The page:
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Using CMake

Software development is a delicate process that entails compiling, testing, and deploying code. The complex nature of these tasks necessitates the use of a robust build system to streamline the development process, enhance productivity, and make projects more manageable. CMake is one such cross-platform free and open-source software tool designed to manage the software build process.

CMake, a recursive acronym for Cross-platform Make, is a robust and highly extensible build system that caters to the needs of a wide range of projects. It is used to control the software compilation process using simple platform and compiler-independent configuration files, allowing software developers to compile their software across numerous platforms and environments.

The inception of Modern CMake marks a significant stride in software development, with a shift from variable-based to target-based directives, thus facilitating more structured and readable CMake scripts. Modern CMake leverages the capabilities of CMake 3.0 and above, fostering greater clarity, reducing common errors, and simplifying maintenance.

Benefit of using CMake for software development

Platform Independence

CMake scripts are platform-agnostic, meaning that they can be used to generate build files for various platforms, including Linux, MacOS, and Windows. This versatility means that you can use the same CMakeLists.txt file across multiple platforms, ensuring your project’s portability.


CMake is designed to accommodate projects of any scale, from simple single-file programs to large, complex codebases spanning multiple directories and incorporating various libraries.


CMake supports several build systems, such as Unix Makefiles, Ninja, and project files for IDEs like Visual Studio and Xcode. This broad compatibility offers developers the flexibility to work with their preferred tools.

Effective Dependency Management

Modern CMake has introduced target-based declarations, which has revolutionized dependency management. It provides an intuitive way of specifying include directories, compile options, and linked libraries, thus preventing error-prone manual management of these dependencies.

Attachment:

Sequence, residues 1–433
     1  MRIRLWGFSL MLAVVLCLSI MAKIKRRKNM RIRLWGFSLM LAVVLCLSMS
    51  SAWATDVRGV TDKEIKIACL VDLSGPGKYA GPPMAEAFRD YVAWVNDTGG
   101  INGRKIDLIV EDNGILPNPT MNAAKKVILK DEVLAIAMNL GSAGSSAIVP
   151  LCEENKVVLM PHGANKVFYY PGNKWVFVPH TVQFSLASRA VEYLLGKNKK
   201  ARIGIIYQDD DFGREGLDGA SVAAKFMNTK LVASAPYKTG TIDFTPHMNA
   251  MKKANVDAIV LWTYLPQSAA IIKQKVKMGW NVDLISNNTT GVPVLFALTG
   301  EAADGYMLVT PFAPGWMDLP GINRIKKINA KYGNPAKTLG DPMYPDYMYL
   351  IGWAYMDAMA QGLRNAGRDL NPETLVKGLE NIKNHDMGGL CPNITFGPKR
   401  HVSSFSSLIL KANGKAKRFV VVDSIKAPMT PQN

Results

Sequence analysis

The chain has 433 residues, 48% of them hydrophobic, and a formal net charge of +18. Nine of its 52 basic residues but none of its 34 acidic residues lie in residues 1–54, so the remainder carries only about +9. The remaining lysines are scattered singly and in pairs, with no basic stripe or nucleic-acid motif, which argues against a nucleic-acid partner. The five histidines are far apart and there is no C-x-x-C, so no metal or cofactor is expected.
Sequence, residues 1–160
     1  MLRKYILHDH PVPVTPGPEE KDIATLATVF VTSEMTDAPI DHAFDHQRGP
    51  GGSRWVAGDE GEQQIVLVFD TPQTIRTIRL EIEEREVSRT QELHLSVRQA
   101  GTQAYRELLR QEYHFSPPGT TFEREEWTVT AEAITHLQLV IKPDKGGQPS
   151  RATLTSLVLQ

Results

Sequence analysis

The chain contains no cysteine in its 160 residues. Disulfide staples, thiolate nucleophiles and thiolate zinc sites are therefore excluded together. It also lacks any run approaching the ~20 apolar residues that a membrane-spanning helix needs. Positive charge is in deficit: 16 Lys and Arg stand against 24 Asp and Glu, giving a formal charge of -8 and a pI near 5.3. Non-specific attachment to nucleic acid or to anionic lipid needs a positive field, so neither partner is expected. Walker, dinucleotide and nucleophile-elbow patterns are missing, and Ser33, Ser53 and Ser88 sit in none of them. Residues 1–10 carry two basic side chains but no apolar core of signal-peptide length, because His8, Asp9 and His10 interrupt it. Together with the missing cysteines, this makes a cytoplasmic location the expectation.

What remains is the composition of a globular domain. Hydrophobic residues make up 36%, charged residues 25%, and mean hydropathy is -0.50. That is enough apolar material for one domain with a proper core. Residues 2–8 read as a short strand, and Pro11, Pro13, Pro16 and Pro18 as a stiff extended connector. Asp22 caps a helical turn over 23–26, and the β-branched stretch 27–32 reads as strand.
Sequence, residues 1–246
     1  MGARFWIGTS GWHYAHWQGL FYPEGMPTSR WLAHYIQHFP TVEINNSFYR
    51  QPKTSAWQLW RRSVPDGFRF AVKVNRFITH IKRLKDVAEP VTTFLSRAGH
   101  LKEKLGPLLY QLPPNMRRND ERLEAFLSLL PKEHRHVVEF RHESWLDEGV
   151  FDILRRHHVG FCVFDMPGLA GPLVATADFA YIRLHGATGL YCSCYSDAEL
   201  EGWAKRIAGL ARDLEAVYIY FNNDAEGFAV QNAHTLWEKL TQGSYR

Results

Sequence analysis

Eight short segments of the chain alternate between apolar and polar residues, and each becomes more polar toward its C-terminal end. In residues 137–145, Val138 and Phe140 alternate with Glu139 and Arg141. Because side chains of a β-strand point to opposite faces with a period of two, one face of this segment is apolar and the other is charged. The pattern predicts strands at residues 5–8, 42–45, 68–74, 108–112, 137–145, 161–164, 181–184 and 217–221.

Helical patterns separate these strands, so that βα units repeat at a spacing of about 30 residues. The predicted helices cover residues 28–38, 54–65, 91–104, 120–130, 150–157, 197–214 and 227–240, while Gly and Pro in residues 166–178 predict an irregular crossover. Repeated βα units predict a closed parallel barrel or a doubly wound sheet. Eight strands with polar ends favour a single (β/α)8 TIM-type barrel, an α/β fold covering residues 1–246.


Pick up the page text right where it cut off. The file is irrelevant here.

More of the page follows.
In CMake, a target is an endpoint of the build process. It can be an executable file, a library, or a custom command that the build system generates or runs. Targets have properties, like include directories and compile definitions, which you can set to control how they’re built. You will create a new target using one of the following two cmake commands.



CMake Presets are a new feature as of CMake 3.19 that allow developers to specify common configurations in a JSON file named CMakePresets.json or CMakeUserPresets.json. This simplifies command-line usage and ensures consistent options across different environments.

  "version": 3,
  "cmakeMinimumRequired": {
    "major": 3,
    "minor": 19,
    "patch": 0
  "configurePresets": [
      "name": "default",
      "description": "Default build",
      "hidden": false,
      "generator": "Ninja",
      "binaryDir": "${sourceDir}/build",
      "cacheVariables": {
        "CMAKE_BUILD_TYPE": "Debug",

In this example, a configure preset named “default” is defined. It specifies Ninja as the generator, sets the binary directory to a “build” subdirectory of the source directory, and sets several cache variables.

Configure and build

The configuration stage is where CMake processes the CMakeLists.txt files in your project. It checks for the required compilers and libraries, then produces the necessary build files for your chosen build system. The build stage follows, where the build files are used to compile and link your project.

Here’s a basic example using presets:

cmake --preset="linux-Debug" -S "." # configure using the linux-Debug configure presets with source from the current directory
cmake --build --preset="linux-Debug" # build using the linux-Debug build presets


In addition to managing build systems, CMake also comes bundled with a powerful testing tool known as CTest. CTest is a versatile tool that offers a variety of features to simplify the testing process in software development, thereby enhancing the reliability and robustness of the software.

CTest is seamlessly integrated with CMake, simplifying the testing process. After defining your tests in CMakeLists.txt files using the add_test() command, you can use CTest to run these tests without requiring any additional configuration.